HDL facilitates distribution of PON1 protein through the body. HDL-associated PON1 can be successfully transferred to cultured cells in vitro and deliver protection from oxidative stress and bacterial substrate of PON1 N-3-oxo-dodecanoyl-L-Homoserine lactone. [40] Beside HDL, some amount of PON1 in human plasma is associated with VLDL and chylomicrons. [41]

While liver is the major tissue of PON1 gene expression, lipoprotein-assisted circulation of PON1 in plasma delivers the enzyme to multiple tissues that do not express PON1 themselves. Immunohistochemical staining of rat tissues revealed PON1 presence in liver, kidney, in endothelial lining of lung and brain. [42] More recent study with mouse tissue detected PON1 protein in hepatocytes, adipocytes, chondrocytes, skeletal and cardiac muscle, kidney, spermatozoa, and epithelial cells of skin, stomach, intestine, trachea, bronchiole, and eye lens. Studies did not find co-localization of PON1 with ApoA-I protein that might mean local PON1 expression or different sources of ApoA-I, an integral component of HDL. [43]

Immunostaining of healthy human aorta shows a low level and granular distribution of PON1 in smooth muscle cells. Western blot confirmed presence of intact and degraded PON1 in media of healthy aorta. With the development of atherosclerosis, PON1 staining of media increases and becomes homogeneous. Increasing accumulation of PON1 with the progression of the atherosclerosis can be seen in the intimal part of aorta as well. Aorta with advanced atherosclerosis lesions shows massive PON1 accumulation. [44] A more recent study attributed an increased PON1 immunostaining in human atherosclerotic arteries to macrophages accumulated in lesions. [45]

 Atheroprotective Effects of PON1 in Animal Models

High-fat, high-cholesterol (atherogenic) diet leads to fast development of atherosclerosis in C57BL/6J mouse strain with concomitant decrease in liver PON1 expression. At the same time PON1 expression and its protective effects did not decrease in atherosclerosis-resistant strain C3H/HeJ. [46]

The first PON1 knockout mouse data became available in 1998. Macrophages from this mouse did not protect LDL from oxidation by other cells in vitro, and PON1 knockout mice developed atherosclerosis faster than control mice on high fat, high cholesterol diet. [13] To study the effect of PON1 knockout further, this mouse was crossed with ApoE knockout mice to generate PON1-/-, ApoE-/- mouse. The double knockout mice fed with atherogenic diet developed atherosclerosis faster than control. Plasma lipid profile of these double knockout mice was similar to ApoE-/- control animals with slightly decreased level of intermediate density lipoprotein (IDL) and LDL, and increased level of lysophosphatidylcholine and oxidized phospholipids in IDL and LDL. The rates of LDL oxidation and clearance were higher in PON1-/-, ApoE-/- mice than in control mice as was determined by injection of human LDL. Expression of genes responding to increase of OxLDL, such as heme oxygenase-1, peroxisome proliferator-activated receptor gamma, scavenger receptor type A, CD36, and macrosialin, was upregulated in liver of PON1-/-, ApoE-/- mice compared with ApoE-/- mice. [47]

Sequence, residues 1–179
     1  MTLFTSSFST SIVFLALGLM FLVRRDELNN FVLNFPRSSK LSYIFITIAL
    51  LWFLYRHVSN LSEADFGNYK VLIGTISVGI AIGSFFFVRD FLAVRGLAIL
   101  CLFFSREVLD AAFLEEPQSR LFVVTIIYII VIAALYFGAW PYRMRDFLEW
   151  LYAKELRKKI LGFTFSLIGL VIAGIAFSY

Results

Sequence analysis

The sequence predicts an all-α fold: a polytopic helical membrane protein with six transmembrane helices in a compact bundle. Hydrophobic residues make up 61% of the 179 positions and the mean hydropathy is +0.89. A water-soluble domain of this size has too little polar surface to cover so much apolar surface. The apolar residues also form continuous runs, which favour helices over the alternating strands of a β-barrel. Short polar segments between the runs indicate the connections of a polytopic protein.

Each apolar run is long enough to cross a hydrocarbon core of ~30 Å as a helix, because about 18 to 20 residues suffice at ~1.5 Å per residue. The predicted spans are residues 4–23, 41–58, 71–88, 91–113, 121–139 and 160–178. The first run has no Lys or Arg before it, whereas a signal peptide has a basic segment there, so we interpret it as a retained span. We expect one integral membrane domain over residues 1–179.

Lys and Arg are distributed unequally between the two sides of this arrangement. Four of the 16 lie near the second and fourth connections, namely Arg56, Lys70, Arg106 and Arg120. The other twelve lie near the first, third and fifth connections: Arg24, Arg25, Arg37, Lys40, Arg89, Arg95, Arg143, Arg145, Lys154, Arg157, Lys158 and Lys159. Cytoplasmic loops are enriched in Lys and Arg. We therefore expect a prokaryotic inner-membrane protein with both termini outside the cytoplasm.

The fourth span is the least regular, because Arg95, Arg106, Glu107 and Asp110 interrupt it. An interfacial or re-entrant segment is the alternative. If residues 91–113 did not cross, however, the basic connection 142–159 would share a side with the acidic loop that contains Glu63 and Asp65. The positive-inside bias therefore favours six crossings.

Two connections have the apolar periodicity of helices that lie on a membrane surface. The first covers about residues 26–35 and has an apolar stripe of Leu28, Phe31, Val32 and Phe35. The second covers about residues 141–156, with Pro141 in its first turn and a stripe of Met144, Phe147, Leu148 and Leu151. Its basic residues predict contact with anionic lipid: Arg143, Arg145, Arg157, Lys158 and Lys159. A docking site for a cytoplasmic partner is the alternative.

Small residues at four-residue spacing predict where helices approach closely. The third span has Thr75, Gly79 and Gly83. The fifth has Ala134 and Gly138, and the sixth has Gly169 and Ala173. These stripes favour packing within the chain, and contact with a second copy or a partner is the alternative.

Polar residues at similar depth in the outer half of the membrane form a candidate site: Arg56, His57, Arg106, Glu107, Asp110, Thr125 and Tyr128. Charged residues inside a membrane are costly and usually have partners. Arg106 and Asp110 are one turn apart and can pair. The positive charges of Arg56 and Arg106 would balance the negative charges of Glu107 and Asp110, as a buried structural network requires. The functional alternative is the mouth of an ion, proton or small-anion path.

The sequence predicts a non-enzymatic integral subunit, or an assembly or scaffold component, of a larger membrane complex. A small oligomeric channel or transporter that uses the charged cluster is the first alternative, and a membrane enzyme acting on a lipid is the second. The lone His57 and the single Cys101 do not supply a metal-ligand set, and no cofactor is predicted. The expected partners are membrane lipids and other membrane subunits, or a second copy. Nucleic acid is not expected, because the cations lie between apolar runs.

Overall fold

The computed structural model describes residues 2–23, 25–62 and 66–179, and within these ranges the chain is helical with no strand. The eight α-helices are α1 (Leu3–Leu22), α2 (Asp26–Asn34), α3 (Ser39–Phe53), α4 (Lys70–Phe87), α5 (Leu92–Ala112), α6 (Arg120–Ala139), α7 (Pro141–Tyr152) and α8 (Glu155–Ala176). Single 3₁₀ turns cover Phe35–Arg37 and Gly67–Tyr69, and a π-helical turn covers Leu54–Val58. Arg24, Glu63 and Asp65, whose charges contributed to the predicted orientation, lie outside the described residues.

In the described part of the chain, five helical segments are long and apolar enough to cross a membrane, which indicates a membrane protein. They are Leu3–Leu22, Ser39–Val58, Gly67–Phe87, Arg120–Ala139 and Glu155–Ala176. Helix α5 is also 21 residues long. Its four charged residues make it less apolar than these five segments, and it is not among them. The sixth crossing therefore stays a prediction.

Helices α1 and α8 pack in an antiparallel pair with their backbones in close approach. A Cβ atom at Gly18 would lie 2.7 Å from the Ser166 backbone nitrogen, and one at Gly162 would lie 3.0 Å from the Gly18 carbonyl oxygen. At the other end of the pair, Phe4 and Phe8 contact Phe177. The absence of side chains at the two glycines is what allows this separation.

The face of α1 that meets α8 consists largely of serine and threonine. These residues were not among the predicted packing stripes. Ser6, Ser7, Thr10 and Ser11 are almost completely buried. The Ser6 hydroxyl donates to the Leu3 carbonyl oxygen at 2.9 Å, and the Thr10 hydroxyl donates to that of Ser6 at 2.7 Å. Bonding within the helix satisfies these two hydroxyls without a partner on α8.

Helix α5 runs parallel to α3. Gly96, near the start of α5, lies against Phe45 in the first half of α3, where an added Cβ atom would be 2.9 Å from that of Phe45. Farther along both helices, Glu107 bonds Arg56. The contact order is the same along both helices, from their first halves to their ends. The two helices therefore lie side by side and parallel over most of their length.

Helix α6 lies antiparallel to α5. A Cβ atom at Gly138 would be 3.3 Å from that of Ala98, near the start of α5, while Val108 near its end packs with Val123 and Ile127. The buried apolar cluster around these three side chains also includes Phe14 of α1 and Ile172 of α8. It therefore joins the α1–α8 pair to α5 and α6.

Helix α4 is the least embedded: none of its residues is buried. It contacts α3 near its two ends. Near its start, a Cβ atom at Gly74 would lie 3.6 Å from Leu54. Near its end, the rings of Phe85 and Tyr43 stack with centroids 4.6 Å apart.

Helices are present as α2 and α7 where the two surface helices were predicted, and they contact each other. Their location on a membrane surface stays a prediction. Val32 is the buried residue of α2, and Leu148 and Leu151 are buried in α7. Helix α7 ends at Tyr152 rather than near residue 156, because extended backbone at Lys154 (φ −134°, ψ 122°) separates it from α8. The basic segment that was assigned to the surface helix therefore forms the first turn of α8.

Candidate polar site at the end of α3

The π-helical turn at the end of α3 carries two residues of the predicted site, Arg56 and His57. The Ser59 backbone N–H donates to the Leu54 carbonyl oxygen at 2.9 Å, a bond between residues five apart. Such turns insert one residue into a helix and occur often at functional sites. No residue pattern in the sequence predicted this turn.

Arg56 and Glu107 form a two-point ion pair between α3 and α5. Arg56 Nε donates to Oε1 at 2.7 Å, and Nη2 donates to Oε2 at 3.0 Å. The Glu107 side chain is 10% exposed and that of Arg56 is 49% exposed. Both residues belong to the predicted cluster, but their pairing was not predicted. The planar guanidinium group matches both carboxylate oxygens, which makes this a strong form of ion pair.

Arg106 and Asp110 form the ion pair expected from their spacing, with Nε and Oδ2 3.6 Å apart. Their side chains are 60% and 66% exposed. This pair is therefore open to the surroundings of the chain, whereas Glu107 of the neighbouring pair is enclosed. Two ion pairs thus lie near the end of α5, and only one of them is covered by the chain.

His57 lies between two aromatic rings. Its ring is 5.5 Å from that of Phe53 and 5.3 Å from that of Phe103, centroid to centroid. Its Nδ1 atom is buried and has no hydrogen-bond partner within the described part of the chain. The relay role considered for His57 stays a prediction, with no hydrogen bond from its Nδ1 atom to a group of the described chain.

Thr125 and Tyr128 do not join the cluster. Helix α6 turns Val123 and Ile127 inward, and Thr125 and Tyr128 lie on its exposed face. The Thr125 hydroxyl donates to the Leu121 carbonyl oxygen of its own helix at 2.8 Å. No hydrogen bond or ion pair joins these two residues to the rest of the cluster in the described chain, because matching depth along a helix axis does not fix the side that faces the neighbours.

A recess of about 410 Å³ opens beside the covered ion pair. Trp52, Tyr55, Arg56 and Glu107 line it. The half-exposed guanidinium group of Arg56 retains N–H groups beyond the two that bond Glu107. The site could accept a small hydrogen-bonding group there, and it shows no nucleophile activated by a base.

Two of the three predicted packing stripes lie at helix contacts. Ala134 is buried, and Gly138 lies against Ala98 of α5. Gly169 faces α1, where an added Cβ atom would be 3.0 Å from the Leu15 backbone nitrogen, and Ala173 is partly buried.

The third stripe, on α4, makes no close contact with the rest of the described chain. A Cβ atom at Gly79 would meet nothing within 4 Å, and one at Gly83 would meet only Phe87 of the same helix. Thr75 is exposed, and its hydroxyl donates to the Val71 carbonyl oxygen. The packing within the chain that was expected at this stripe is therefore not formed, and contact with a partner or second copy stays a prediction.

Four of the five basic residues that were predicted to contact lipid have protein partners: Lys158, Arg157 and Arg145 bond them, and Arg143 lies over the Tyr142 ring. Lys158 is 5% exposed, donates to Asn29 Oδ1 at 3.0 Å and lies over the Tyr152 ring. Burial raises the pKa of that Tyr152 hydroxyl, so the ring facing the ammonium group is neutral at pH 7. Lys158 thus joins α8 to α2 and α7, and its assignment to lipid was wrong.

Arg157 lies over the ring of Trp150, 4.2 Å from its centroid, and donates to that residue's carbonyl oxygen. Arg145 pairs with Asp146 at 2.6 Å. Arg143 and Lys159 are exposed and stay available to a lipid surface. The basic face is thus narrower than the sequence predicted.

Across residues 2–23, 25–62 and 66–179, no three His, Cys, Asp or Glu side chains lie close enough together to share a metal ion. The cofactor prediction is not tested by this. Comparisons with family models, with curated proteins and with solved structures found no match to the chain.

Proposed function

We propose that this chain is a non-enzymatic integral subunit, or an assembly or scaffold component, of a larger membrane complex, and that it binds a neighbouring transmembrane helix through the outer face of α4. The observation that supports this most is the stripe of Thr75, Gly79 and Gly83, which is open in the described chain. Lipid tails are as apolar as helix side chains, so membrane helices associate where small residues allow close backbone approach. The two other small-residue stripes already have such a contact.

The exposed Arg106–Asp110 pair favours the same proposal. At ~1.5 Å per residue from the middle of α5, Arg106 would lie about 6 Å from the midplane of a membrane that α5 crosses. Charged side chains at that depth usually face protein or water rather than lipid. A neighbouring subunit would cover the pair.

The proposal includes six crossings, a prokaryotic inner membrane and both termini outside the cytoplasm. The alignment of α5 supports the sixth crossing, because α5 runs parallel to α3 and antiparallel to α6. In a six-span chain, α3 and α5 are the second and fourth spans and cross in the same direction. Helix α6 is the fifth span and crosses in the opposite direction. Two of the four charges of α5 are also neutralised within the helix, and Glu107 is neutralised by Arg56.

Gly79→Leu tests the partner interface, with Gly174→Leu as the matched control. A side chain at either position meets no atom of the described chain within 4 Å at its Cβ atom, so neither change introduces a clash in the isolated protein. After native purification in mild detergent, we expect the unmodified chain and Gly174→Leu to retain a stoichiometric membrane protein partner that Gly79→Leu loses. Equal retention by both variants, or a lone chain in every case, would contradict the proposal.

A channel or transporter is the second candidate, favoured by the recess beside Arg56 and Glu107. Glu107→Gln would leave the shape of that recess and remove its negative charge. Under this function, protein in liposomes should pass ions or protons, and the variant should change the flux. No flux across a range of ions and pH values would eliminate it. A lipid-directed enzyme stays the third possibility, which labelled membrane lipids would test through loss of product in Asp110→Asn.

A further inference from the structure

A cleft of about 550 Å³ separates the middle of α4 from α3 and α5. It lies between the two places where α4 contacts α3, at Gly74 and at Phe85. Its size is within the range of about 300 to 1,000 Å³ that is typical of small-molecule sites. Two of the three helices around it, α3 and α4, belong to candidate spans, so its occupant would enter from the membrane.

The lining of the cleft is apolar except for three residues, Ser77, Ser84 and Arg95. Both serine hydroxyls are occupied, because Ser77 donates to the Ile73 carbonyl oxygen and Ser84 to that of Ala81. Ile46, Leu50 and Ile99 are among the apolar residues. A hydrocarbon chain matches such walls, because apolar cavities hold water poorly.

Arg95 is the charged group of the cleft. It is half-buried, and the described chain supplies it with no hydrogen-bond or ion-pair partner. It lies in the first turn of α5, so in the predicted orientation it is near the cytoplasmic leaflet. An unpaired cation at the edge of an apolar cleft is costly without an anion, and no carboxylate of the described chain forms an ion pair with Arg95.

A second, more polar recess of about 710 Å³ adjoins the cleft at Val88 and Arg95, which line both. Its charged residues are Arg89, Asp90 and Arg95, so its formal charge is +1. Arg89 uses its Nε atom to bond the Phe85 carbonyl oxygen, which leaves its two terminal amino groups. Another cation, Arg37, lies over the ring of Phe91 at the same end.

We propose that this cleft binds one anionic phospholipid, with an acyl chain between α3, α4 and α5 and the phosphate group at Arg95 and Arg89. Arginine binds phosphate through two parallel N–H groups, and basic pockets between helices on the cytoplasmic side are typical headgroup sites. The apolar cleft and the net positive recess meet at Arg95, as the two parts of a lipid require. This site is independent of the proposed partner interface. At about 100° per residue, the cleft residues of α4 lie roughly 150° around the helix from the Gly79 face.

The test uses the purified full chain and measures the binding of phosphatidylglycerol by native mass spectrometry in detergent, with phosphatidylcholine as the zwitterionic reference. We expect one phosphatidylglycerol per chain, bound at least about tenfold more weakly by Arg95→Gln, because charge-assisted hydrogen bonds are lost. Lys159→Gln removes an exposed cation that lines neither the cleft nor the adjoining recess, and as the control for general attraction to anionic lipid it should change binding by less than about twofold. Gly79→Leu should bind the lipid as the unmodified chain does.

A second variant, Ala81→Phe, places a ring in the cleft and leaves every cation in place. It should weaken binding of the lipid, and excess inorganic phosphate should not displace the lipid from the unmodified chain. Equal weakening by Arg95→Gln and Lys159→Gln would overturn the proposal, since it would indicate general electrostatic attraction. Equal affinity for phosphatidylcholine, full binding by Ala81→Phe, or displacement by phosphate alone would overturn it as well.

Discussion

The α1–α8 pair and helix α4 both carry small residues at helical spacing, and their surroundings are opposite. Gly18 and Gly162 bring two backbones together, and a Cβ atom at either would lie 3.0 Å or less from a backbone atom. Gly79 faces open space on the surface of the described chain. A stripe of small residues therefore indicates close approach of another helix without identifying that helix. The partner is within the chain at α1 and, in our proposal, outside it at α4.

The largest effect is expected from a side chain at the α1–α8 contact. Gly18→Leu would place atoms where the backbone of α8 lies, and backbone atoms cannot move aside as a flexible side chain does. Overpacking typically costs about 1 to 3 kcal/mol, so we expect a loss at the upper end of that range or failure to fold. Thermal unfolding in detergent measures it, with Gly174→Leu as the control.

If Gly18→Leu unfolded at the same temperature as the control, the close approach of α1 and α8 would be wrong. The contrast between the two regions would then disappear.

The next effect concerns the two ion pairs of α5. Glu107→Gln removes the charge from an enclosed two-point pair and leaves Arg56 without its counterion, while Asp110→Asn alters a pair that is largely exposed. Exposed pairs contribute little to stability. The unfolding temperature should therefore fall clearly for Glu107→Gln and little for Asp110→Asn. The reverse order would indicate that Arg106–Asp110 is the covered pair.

Involvement of PON in inflammation and oxidative stress were detected in vascular wall of PON-/- animals. Adhesion of leukocytes was increased in the knockout mouse as measured by intravital microscopy. Expression of mRNA of essential cell adhesion molecules P-selectin and ICAM1 was upregulated in aortic wall. An increased oxidative status was detected using superoxide-sensitive reagent lucigenin. PON-/- mice have a significantly shorter time of occlusion in carotid thrombosis assay. [48] If a deficiency of PON1 leads to inflammation and oxidative stress, then increases in PON1 function could be beneficial. A transgenic mouse mPON1 was developed in 2001, with 5-fold higher level of mouse PON1 protein and corresponding increase in arylesterase activity. PON1 was associated with HDL, and protected HDL from oxidation by copper ions as it was assessed by lipid hydroperoxide formation assay, and by retaining oxidation-sensitive activity of lecithin:cholesterol acyltransferase (LCAT). [49] A decrease in atherosclerotic lesion size and improved oxidation status of aorta and peritoneal macrophages in PON1 overexpressing transgenic mouse on ApoE-/- background have been compared with ApoE-/- control have been reported. [14] In another transgenic mouse model, PON1-Tg, which overexpresses human PON1 gene of 55L/192Q genotype, plasma level of arylesterase activity was twice higher in PON1-Tg mouse compared with control mouse when animals were fed normal chow. The excess of PON1 level resulted in better retaining of its activity after feeding animals with atherogenic diet. PON1 activity decreased to about three-fourth (3/4) of original level after 15 weeks of atherogenic diet feeding to PON1-Tg mice, and to less than one-half (1/2) of original level in control animals. Thus, arylesterase activity mediated by PON1 was almost 4-fold higher in PON1-Tg mice compared with control mice after feeding atherogenic diet. Overexpression of PON1 definitely protected mouse from development of atherosclerotic lesions. Aortic lesion areas in PON1-Tg animals were about half of the size of areas of the control mice after feeding atherogenic diet. ApoE-/-, PON1-Tg genotype mice fed normal chow similarly developed lesions slower, compared with ApoE-/- controls; however, the difference in lesion area was just 22%. Plasma arylesterase activity of ApoE-/-, PON1-Tg mice was 2.5-fold higher than that of ApoE-/- animals, however, there is no difference between their lipid profile. A decreased inflammatory status of aortas in ApoE-/-, PON1-Tg mice compared with ApoE-/- mice was detected by examination of the expression level of MCP-1 cytokine gene. HDL isolated from PON1-Tg mouse plasma or ApoE-/-, PON1-Tg mouse plasma provided better protection against LDL oxidation, than HDL isolated from control animals. [50]